The US Census of 1900 (taken on 03/09/1900) indicated that Fisher lived in the "Sunrise Mining District," and came to the Alaskan Territory in 08/1897; as noted in this census, he retained a permanent address in Los Angeles; his CA occupation was architect, but he mined in AK. The form indicated that he immigrated to the US in 1845, making him a very young child when he arrived. (See "1900 United States Federal Census Record for Elmer H Fisher," Ancestry.com, accessed 11/21/2011.)
The nationality of Fisher's parents is unclear. When asked by census representatives in 1900 and CA voting officials about his parent's heritage, Elmer indicated that his parents were Scottish. The CA Voter's Record of 1896 noted that Fisher had been born in Scotland of "American parents." This may or may not have been true. If Elmer Fisher had been born c. 1851, his parents could have been Horace Fisher (1820-1890) and his wife Lucy J. Fisher, who lived in Royalston, MA, during the 1850s-1880s. Some records indicated that his parents were Scottish and that he was born in Royalston, and others state that he and his father had been born in Scotland. (See Massachusetts, Death Records, 1841-1915 about Horace Fisher, Ancestry.com. Accessed 04/21/2014.) Currently, no documentation has been found that indicated Elmer Fisher emigrated from Scotland; neither transit records nor naturalization papers have been located.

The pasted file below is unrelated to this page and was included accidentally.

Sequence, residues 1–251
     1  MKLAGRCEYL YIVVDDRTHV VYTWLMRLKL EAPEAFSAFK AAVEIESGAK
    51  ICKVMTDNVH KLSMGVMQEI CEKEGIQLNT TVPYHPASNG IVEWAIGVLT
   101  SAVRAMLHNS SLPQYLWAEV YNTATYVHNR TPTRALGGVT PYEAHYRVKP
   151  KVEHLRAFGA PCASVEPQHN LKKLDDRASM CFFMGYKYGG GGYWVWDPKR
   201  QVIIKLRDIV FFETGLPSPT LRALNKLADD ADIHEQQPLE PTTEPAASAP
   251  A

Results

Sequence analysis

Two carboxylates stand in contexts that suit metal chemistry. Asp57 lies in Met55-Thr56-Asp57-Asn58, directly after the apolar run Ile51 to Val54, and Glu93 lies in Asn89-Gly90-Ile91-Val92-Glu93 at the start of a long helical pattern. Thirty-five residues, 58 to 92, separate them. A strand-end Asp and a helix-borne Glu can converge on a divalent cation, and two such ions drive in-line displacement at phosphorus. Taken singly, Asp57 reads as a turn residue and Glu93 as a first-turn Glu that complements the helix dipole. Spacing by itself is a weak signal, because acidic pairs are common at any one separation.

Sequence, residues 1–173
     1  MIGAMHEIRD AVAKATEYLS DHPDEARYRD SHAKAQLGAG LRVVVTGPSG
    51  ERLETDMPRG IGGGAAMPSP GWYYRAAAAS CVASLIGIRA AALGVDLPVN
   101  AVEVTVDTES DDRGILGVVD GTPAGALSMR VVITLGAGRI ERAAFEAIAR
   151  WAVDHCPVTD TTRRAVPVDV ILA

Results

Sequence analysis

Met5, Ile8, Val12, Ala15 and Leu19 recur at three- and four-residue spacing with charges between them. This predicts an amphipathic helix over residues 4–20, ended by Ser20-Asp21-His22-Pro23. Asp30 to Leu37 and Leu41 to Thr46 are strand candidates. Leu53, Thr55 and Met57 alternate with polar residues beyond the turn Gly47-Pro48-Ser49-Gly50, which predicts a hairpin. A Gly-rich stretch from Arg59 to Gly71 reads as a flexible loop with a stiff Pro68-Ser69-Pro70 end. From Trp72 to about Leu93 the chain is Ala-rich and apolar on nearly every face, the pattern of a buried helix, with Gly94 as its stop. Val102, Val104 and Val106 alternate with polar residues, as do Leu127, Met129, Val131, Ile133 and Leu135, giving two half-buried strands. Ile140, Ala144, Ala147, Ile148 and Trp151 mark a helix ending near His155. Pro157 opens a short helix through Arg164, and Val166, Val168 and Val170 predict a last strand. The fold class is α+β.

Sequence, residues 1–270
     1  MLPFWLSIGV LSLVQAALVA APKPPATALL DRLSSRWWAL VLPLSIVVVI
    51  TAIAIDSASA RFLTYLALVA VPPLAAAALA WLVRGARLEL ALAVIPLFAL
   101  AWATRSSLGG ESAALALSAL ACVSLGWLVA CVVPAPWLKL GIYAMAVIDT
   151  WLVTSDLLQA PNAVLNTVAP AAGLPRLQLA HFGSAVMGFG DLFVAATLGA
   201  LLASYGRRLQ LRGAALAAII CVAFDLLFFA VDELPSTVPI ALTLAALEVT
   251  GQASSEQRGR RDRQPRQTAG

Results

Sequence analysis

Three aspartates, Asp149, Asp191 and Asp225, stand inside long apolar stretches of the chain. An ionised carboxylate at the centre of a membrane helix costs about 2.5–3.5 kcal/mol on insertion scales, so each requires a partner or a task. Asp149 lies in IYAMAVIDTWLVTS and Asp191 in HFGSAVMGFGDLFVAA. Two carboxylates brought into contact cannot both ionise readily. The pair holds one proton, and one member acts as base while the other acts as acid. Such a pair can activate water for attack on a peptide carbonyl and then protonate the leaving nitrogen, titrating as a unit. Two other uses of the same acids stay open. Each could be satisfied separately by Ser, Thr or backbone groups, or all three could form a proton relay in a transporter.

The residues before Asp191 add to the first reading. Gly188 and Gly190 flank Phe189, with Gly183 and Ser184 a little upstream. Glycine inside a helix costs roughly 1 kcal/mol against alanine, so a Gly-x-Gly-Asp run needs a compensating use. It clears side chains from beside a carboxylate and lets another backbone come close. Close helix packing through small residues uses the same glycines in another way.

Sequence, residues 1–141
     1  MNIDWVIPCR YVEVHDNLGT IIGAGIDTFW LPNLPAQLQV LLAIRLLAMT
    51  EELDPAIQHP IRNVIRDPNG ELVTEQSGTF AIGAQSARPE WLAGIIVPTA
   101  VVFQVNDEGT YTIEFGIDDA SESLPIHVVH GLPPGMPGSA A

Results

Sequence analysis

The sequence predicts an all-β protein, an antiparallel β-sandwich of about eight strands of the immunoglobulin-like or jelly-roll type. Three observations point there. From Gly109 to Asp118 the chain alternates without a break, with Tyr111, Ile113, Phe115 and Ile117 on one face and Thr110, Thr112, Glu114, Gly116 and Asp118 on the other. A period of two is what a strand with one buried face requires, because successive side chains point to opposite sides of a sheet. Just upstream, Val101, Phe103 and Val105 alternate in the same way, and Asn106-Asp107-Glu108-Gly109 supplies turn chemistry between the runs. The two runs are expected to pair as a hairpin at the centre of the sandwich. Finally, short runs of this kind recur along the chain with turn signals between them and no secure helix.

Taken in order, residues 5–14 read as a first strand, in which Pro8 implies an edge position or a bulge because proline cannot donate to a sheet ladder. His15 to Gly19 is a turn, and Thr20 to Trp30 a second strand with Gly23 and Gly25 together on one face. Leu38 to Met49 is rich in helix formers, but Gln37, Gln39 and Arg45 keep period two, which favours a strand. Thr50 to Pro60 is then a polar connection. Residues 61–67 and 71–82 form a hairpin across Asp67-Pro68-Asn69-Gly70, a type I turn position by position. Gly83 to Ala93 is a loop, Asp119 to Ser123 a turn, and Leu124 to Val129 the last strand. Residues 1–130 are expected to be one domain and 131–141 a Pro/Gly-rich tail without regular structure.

It appears that Fisher had many involvements with women, some of which were honorable. An Elmer H. Fisher living in Worcester County, MA, perhaps the architect, married in 1873. The bride had the surname Corey or Covey, although her first name was spelled in records variously as "Hala," "Hain" and "Kata." According to one record, they married in 07/1873 in Keene, NH. (An intention to marry was registered in Athol, MA, where they both lived, on 06/30/1873.) Some records have indicated that Elmer H. Fisher was born in 1844 or 1845, while the Elmer H. Fisher who married Corey, was supposedly born in 1851. Records for the 1851-born Fisher noted his place of birth to have been Royalston, MA, in Worcester County. The Washington State Census of 07/1889 indicated that Fisher was married at that time. (Three yearsl later, the 1892 WA State Census indicated him to have been single.) He married, apparently again, to "Charlotte M. Willey" of Seattle on 02/14/1893, Valentine's Day, in the house of her mother, Margaret Burns Harmon (d. 1893), in Seattle. (See "King County Marriage Records, 1855-1990 - Elmer H Fisher - Charlotte M Willey,"